The ‘Dream and Promise Act of 2021’ Amnesty, Part 1

How did we get here?

By Andrew R. Arthur on June 16, 2021

Apprehensions at the Southwest border are at a 21-year high, and that’s especially true when it comes to unaccompanied alien children (UACs). Border Patrol has apprehended more UACs each month since March than it did in any single prior month for which it keeps records (back to October 2009). You may think that would mean that Democrats would want to keep their heads down and not talk about an amnesty for aliens who came as children — but you would be wrong.

On June 15, the Democrat-controlled Senate Judiciary Committee held a hearing on H.R. 6, the “American Dream and Promise Act of 2021”. This was not a mark-up of the bill, but rather more of a “listening session”. I am not sure what committee Chairman Sen. Dick Durbin (D-Ill.) expected to hear, but as I will explain in my next post, it was a disaster for its proponents.

Briefly, H.R. 6 would provide green cards (either permanent or “conditional”) to aliens who have been granted “prosecutorial discretion” under the Deferred Action for Childhood Arrivals (DACA) program, as well as to aliens who have been granted Temporary Protected Status (TPS).

TPS is a mechanism Congress created to allow the executive branch to grant temporary protection to foreign nationals already in the U.S. whose home countries are in such a state of disorder — due to war or natural calamities — that they cannot currently return safely.

It is supposed to be “temporary” (the word appears right in the title), but the protection has proven to have a political “ratchet effect”: Once turned on, it has proven all-but-nigh impossible to turn it off. Sudan (population almost 45 million), for example, was designated for TPS more than 23 years ago. El Salvador (population 6.5 million) just reached the two-decade TPS mark.

Now, I am not saying that I would prefer to decamp to either country, or that either is Switzerland. You have to ask, though, if more than 50 million people do live in those countries, why can’t their nationals return home now?

It gets worse, though. DHS is supposed to publish an annual report on the number of nonimmigrants who were temporarily (that word again) allowed to enter the United States and return to their homes. The last one was published in March 2020, and reveals that almost 200,000 Salvadorans who came on tourist (B-2) or business (B-1) visas were supposed to leave in FY 2019.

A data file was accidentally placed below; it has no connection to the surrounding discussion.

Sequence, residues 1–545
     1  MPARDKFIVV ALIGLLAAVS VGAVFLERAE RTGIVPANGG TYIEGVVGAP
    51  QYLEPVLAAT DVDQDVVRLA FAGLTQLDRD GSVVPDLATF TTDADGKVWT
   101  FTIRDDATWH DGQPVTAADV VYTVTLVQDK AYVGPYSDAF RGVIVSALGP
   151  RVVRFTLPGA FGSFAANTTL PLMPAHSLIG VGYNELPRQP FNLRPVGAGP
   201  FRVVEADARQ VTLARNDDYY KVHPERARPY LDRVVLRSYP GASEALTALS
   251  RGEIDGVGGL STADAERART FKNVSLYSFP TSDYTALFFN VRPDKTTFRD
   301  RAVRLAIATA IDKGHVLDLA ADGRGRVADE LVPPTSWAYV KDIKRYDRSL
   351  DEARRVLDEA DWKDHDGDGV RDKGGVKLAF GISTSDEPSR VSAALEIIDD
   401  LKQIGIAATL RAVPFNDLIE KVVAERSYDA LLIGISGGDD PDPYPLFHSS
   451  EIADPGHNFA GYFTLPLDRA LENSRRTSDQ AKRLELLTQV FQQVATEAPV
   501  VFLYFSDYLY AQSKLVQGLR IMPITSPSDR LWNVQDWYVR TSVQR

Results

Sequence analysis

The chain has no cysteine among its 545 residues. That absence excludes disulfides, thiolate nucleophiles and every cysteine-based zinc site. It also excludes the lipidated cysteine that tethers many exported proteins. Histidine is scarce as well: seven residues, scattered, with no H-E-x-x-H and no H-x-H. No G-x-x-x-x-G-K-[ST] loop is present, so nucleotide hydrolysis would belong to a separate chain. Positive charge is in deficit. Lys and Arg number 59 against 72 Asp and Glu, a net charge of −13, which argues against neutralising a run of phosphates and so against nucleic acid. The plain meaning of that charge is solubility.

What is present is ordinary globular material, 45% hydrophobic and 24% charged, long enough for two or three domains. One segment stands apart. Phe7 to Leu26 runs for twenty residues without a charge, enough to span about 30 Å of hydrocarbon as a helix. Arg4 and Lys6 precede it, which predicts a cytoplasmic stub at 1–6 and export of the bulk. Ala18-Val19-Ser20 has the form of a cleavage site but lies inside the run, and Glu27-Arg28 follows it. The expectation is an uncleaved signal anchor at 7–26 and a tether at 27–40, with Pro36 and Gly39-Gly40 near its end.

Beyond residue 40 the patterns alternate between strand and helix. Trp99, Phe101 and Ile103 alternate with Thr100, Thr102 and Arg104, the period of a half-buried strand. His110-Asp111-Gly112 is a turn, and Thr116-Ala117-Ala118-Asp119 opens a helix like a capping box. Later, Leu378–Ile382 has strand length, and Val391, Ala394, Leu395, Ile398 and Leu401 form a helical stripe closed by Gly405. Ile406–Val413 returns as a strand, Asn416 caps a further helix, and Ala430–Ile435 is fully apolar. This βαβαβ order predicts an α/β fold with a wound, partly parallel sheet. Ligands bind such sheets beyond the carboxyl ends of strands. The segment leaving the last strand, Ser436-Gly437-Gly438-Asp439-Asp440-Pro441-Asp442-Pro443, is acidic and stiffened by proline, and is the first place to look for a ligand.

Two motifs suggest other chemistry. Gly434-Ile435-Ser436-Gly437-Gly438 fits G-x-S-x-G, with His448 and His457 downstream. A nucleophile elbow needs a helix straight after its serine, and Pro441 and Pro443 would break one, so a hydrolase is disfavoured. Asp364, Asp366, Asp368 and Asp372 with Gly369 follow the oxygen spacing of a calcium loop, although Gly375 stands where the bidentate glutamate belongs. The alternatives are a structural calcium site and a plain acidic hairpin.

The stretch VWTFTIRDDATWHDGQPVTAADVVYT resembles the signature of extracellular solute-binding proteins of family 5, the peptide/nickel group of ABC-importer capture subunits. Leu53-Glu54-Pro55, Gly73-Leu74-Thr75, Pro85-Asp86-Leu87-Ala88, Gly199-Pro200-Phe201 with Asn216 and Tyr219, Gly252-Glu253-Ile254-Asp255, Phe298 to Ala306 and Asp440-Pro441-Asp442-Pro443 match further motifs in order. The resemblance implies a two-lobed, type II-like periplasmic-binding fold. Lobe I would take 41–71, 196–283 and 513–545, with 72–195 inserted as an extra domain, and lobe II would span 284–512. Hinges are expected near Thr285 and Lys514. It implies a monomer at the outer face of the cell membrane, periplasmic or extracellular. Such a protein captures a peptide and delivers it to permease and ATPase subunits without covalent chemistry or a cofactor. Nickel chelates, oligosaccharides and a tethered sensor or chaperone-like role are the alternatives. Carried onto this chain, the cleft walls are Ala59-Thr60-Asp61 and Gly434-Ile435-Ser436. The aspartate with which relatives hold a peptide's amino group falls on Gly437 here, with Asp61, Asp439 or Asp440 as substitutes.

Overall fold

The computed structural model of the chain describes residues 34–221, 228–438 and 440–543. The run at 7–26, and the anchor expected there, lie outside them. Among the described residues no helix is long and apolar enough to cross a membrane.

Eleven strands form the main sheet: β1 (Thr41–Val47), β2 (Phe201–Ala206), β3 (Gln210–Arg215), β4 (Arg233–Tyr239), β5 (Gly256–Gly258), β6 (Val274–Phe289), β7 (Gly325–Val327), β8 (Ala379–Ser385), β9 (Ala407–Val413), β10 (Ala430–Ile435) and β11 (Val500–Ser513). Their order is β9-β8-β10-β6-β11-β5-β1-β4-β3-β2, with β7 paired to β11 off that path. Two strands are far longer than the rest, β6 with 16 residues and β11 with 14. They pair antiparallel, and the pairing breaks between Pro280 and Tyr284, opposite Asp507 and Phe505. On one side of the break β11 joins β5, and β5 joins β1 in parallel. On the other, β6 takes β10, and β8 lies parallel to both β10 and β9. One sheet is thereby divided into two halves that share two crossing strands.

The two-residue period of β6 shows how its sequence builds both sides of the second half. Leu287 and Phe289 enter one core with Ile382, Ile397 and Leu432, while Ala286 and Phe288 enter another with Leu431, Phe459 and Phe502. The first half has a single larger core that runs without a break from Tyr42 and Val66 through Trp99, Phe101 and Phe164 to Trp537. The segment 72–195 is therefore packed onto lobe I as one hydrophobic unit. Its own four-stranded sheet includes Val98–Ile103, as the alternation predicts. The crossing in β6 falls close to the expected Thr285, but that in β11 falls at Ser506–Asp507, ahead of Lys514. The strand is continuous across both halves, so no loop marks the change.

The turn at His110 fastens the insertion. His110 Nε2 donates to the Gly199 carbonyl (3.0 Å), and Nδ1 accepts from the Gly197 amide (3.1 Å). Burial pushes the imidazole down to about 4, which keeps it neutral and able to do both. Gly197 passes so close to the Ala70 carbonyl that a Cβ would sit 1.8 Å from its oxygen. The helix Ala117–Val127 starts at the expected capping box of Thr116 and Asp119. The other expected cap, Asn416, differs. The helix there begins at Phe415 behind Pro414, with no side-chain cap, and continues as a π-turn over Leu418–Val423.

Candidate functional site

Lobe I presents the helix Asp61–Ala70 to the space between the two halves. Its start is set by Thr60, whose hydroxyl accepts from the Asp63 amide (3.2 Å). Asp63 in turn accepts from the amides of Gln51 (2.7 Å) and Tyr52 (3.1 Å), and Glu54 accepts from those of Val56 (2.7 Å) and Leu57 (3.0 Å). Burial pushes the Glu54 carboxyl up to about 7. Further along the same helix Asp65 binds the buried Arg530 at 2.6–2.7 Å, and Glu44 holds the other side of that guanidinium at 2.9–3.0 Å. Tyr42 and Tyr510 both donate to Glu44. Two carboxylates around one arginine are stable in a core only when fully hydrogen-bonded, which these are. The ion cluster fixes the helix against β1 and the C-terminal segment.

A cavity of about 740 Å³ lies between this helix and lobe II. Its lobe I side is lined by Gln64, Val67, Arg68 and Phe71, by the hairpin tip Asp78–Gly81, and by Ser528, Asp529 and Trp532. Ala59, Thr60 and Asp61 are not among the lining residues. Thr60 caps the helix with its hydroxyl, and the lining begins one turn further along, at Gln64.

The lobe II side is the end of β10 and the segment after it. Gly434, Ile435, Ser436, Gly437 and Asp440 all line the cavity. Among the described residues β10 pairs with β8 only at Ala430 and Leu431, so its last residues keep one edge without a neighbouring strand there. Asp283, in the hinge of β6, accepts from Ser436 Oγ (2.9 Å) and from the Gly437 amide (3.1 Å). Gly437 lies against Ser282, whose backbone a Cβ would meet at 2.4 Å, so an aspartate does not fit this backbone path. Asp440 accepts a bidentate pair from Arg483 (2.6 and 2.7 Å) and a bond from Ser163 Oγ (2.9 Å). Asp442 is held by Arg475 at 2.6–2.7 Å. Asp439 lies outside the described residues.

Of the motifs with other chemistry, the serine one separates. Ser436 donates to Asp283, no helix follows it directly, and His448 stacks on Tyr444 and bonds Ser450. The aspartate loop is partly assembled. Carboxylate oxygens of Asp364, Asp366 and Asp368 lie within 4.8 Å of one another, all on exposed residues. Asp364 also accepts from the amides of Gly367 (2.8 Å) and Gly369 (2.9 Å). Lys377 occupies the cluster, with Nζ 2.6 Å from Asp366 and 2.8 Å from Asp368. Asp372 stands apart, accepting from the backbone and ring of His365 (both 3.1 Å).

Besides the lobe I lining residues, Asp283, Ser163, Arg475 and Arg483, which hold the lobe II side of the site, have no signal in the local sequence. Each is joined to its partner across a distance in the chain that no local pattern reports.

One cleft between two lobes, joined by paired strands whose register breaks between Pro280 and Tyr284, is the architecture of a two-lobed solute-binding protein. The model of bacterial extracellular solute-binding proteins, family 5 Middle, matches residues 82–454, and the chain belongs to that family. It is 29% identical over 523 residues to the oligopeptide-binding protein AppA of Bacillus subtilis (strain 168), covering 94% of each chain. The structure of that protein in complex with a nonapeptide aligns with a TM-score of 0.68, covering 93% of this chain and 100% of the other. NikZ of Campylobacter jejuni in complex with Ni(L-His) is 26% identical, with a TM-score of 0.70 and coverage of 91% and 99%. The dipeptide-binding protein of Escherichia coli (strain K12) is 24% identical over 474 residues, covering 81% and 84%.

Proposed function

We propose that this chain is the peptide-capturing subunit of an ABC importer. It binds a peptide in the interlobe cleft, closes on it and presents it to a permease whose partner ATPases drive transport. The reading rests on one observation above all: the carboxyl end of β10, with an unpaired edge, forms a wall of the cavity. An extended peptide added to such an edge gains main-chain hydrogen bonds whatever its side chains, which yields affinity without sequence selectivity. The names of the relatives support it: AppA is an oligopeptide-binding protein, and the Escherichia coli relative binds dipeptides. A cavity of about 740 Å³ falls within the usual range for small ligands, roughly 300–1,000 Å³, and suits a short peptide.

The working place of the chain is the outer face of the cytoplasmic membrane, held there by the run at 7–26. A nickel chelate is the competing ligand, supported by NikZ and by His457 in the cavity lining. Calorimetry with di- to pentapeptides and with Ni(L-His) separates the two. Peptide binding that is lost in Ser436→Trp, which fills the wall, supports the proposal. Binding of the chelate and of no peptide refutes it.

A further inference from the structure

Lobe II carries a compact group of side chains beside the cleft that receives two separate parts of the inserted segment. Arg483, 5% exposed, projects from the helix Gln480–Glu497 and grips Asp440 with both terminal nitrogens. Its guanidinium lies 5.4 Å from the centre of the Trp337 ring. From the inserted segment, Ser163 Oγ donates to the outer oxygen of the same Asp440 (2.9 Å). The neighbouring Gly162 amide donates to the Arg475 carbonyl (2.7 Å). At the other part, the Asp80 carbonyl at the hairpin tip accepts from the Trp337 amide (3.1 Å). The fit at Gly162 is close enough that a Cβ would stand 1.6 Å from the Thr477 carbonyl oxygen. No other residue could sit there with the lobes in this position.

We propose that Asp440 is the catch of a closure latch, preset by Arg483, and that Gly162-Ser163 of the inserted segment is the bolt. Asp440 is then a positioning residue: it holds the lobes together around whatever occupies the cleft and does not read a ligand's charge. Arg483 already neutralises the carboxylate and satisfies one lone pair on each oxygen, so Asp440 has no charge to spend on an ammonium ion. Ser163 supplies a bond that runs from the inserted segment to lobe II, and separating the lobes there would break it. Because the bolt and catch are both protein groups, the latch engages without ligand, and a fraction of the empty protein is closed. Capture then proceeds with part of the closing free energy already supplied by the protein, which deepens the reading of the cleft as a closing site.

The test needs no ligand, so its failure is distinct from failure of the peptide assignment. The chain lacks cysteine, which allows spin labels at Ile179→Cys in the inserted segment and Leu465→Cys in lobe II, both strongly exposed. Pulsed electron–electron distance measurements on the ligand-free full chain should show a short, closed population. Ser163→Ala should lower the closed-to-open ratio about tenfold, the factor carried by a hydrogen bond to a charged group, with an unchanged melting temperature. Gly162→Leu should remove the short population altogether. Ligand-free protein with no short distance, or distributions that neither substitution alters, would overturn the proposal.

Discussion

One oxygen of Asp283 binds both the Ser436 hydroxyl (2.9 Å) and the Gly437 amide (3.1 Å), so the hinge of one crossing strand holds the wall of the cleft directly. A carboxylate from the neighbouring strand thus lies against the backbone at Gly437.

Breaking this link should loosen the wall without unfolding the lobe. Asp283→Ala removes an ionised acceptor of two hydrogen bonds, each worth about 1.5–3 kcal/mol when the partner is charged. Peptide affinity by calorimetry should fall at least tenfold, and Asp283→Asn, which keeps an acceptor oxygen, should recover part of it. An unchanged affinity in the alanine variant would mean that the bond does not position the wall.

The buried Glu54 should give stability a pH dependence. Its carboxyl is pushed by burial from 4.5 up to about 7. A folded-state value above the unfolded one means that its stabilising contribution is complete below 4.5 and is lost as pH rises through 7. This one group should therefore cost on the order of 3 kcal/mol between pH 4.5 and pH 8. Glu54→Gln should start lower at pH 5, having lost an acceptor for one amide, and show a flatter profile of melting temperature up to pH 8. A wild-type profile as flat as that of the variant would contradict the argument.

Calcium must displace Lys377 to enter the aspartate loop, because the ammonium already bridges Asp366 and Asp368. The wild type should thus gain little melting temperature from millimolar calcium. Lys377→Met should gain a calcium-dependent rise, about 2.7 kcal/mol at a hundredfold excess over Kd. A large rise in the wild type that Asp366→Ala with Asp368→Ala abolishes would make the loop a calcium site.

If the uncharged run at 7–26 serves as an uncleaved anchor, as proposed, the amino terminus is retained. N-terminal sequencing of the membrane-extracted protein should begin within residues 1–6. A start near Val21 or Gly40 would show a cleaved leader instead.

Guess what? Most did. The 1.62 percent overstay rate for El Salvador compares favorably to Paraguay (1.65 percent) and Uruguay (1.68 percent). Many of you who have vacationed in Saint Kitts and Nevis or in St. Lucia might be surprised that visitors from El Salvador are much more likely to return home than nationals of those two tropical paradises (overstay rates: 1.73 percent and 1.86 percent, respectively).

It really does not sound like El Salvador is an unsafe place to live, or for its nationals to return to.

As for DACA, that program grants quasi-legal status to aliens who entered the United States while under the age of 16 before June 15, 2007, who are currently under the age of 40, who meet certain educational standards, and have not been convicted of certain crimes.

DACA was not created by Congress, or even an executive order or executive action (for what that is worth). It was created by a memo issued by then-DHS Secretary Janet Napolitano on June 15, 2012. In my considered legal opinion, Napolitano lacked the authority to create DACA (its legality is currently being challenged in federal court in Texas), but in any event, it sets a bad precedent.

Want proof? Here is what the editorial board of the Washington Post had to say when President Obama was considering expanding DACA to include parents of U.S. citizens and lawful permanent residents in 2014:

The president should think twice. Some of the same Democrats and pro-immigrant advocates urging him to protect millions of undocumented immigrants from deportation would be outraged if a Republican president took a similarly selective approach to enforcing the laws — say, those that guarantee voting rights or prohibit employment discrimination.

Obama ignored the Post’s editorial board, and created something called Deferred Action for Parents of Americans and Lawful Permanent Residents (DAPA). DAPA proved to be a bridge too far for Texas and several other states, who successfully sued to block its implementation.

All of those immigrant advocates who filed similar suits to block various Trump administration executive actions (like the Migrant Protection Protocols and the travel ban for nationals of certain countries) should understand where the true blame lies: with Janet Napolitano’s June 2012 memo.

That memo certainly did not provide the legal basis for Trump’s actions (which almost exclusively rested on powers Congress had granted him under the Immigration and Nationality Act (INA)), but the memo broke certain norms, including the one that says when it comes to immigration, Congress legislates and the executive branch executes.